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Who says school isn’t creative? Mauritian students embrace learning through the arts

published 4 July 2014 updated 7 July 2014

Educators on the Indian Ocean island nation are turning to creativity and the arts as a way to better engage and provide greater opportunities for students with learning difficulties.

Conventional learning is receiving a creative touch at the Richelieu Government Primary School on the west side of Mauritius where a cross-curriculum approach through the creative arts is helping students see things from different perspective.

By utilising creativity, the school hopes to help slower learning students grasp concepts like math, science, and language through exercises, including play, to increase their scholarly potential and their self-esteem along the way. Some art projects are helping the children understand the concept of angles, in some cases related to different parts of the island’s dormant Trou aux Cerfs volcano.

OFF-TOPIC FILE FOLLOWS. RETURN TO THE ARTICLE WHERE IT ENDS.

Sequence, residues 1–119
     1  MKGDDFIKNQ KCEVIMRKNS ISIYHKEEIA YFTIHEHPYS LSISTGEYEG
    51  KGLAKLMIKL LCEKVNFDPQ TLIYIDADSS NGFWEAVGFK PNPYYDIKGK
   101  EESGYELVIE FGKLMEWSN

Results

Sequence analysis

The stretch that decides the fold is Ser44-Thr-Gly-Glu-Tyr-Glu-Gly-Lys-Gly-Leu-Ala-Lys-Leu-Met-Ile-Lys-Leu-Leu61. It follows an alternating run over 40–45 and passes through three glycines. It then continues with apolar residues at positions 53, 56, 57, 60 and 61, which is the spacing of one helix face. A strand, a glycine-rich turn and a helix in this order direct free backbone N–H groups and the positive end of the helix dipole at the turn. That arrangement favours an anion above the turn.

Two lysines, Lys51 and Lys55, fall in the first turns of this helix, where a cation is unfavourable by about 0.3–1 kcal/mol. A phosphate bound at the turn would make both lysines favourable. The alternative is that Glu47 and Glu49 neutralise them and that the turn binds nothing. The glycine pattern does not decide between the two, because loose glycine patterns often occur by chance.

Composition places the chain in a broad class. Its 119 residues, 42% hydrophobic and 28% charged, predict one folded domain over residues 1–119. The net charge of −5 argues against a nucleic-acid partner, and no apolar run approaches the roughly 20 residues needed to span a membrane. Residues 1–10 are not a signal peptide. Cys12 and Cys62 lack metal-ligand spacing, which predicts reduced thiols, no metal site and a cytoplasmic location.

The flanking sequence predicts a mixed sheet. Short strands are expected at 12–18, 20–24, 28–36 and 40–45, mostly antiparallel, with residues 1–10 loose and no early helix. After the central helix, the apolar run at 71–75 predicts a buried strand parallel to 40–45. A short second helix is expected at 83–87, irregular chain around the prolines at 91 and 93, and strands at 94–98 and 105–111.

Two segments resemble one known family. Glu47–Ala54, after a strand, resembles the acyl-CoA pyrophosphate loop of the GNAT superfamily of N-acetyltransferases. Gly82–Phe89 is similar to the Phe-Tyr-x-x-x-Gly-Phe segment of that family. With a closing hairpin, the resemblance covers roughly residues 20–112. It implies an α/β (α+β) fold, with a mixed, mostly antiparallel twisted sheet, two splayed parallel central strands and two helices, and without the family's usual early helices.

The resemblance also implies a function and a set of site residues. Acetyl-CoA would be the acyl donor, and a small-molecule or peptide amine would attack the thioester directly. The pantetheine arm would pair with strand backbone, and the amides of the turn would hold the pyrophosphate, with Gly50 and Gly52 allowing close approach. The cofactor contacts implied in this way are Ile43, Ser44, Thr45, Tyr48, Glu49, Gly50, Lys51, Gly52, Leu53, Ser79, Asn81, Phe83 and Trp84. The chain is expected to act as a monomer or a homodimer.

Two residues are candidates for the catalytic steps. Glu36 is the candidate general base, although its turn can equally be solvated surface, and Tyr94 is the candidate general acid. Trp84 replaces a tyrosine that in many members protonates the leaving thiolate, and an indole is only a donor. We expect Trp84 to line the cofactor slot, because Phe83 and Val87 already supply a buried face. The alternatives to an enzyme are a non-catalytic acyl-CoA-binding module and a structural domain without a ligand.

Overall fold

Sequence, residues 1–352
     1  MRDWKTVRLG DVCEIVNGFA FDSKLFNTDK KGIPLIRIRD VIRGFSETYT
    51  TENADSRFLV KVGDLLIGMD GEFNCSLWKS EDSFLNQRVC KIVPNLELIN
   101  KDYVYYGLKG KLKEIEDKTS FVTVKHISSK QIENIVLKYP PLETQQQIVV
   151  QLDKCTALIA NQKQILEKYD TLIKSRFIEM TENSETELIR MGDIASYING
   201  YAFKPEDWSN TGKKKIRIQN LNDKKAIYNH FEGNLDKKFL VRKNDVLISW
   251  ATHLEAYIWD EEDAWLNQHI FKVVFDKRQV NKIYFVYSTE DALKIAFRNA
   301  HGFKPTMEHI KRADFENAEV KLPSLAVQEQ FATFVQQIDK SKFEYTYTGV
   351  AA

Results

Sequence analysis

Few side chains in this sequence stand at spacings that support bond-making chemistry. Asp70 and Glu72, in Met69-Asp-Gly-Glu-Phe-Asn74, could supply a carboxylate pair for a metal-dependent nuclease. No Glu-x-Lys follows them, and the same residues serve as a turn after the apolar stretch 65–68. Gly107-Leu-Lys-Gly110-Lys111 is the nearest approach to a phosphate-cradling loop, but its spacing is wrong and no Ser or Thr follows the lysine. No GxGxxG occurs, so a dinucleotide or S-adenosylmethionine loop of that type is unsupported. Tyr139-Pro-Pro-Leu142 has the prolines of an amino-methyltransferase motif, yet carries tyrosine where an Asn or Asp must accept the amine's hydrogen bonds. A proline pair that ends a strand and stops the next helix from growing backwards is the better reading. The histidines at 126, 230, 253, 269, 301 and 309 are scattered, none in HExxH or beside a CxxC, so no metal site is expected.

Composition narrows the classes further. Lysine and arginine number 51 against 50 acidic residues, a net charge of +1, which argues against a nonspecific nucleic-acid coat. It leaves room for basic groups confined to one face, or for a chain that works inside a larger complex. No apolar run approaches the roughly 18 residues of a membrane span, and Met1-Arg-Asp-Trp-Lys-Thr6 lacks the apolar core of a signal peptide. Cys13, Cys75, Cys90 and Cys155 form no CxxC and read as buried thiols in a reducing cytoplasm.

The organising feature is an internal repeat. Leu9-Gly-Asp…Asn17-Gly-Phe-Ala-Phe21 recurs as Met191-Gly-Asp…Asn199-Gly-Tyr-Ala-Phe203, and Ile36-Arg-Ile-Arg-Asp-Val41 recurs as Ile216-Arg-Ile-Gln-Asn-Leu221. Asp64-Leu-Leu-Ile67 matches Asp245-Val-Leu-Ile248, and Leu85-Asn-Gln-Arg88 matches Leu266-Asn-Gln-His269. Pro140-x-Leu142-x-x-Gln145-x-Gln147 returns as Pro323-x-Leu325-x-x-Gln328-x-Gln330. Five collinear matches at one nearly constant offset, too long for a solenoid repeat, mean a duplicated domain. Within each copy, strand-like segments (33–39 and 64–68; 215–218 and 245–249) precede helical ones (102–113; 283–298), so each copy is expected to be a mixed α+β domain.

The school is also finding that some traditional creative teaching methods never go out of style. Old fashioned storytelling is helping to create a reading culture among the children, as well as familiarising them with languages.

One activity even has the children getting their hands dirty – all in the name of learning, of course.

Teachers are taking students into the garden, where a hands-on approach is making it easier for many of them to comprehend science, such as plant growth. The children become novice field researchers by using skills like observation, recording and analysis to discover how life evolves in the garden, including plant growth and germination.

The school’s approach is proof that making learning a little less conventional can help provide many students with the quality education they never thought was possible.